by the citizens in the forthcoming elec-

Engineer Engaged

After the great fire of 1906, an emi-
nent sanitary engineer of New York
was engaged as consulting engineer to
prepare plans and specifications for the
construction of three modern high tem-
perature incinerators in various parts
of the city to dispose of the city's
wastes in a modern manner. In 1908.
after a campaign initiated largely by
the Chamber of Commerce, the elector-
ate authorized a bond issue of a million
dollars with which to construct two of
these incinerators, and to buy the old
Thackeray destructor and the fran^'-'se
which had been granted in 1896 for
garbage disposal. Contracts for the



construction of two Heenan-Froude
incinerators were let, and land was pur-
chased in two sections of the city upon
which to build them. During the con-
struction of the first incinerator, the
writer became City Engineer.

Engineer Convinced

After inspection of a similar plant in
the East, he was convinced of the im-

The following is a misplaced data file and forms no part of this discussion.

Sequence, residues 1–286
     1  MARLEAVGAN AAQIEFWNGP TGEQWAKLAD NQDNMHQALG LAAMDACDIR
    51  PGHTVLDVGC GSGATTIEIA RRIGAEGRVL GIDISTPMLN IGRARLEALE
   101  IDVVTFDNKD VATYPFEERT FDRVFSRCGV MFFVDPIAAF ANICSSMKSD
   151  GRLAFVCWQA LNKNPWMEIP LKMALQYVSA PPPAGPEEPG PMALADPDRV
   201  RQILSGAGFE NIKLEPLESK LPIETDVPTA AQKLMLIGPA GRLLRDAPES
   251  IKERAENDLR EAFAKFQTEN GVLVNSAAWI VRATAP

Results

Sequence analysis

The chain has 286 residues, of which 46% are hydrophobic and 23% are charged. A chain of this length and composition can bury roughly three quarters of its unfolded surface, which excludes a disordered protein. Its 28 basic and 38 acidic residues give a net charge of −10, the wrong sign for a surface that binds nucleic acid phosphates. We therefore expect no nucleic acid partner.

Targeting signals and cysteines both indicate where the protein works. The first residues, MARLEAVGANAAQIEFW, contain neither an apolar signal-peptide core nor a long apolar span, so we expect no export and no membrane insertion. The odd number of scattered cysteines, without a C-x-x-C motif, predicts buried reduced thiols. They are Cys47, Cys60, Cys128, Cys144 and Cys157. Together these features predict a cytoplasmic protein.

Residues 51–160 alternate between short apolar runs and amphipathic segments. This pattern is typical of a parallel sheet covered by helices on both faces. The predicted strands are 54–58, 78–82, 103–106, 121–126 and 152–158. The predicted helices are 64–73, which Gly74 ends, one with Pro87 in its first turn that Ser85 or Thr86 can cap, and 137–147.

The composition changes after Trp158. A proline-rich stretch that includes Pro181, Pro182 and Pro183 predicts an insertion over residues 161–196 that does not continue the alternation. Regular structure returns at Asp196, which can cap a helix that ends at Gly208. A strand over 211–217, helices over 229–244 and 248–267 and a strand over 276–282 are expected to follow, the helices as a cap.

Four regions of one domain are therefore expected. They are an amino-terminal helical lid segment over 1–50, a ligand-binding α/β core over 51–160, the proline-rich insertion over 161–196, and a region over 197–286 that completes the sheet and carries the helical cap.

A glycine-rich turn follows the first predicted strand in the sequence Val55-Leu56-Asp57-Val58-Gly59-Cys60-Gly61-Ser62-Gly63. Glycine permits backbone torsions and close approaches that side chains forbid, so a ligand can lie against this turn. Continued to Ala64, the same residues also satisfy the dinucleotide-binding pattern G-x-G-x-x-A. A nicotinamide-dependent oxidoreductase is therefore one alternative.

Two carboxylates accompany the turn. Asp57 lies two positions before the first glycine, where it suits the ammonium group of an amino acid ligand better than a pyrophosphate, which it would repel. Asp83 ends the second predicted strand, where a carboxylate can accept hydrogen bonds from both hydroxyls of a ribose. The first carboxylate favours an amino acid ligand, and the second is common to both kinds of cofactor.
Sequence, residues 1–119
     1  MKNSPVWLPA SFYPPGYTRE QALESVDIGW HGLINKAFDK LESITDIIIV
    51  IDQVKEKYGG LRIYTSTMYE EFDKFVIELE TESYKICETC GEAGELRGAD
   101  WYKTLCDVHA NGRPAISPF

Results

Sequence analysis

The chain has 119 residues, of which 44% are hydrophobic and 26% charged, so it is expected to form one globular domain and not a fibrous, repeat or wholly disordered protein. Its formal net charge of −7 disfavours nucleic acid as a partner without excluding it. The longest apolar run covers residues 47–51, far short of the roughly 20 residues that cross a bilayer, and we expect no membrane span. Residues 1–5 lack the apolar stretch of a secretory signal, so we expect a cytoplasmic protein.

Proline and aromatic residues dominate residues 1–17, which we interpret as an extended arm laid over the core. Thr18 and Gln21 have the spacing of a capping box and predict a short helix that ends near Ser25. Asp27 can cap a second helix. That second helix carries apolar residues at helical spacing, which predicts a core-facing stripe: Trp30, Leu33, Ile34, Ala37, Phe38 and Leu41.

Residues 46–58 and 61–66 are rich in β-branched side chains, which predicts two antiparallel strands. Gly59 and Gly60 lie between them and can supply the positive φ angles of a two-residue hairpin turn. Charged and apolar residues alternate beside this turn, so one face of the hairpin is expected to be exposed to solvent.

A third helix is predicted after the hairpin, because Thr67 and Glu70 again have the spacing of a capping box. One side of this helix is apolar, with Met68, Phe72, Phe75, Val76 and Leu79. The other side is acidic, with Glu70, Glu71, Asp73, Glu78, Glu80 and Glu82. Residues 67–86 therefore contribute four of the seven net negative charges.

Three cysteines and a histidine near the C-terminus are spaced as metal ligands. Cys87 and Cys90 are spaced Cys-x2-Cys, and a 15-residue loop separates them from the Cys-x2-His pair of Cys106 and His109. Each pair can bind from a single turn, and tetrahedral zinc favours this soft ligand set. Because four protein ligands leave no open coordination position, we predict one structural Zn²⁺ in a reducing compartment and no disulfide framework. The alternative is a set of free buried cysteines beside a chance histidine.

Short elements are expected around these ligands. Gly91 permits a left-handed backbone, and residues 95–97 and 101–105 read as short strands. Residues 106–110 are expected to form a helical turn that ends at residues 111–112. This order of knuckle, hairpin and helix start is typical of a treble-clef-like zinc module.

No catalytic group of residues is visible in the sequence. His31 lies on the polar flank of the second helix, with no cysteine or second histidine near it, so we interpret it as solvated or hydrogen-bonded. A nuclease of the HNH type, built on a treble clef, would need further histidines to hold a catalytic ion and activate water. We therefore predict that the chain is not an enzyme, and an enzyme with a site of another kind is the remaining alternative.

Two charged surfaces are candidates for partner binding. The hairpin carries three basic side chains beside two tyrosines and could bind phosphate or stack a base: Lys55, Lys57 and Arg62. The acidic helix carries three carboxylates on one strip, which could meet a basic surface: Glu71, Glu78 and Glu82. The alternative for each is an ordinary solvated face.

practicability of the plant under con-
struction as applied to San Francisco's
refuse, so he notified the contractor to
discontinue work on the second plant,
and to bring the first plant to comple-
tion so that it could be tested as soon as
possible. Upon test, the plant failed
to live up to the specifications, and was
rejected by the Board of Public Works,
but subsequently the contractor ob-
tained judgment against the city for the
cost of his work, on the grounds that
the guarantees did not mean exactly
what they had been construed to mean,
and that he had done the best he could,
considering the state of the art. It was

Online LibrarySan Francisco (Calif.). Board of SupervisorsThe municipal employee (Volume v.3 (Jan. - Sept. 1929)) → online text (page 43 of 84)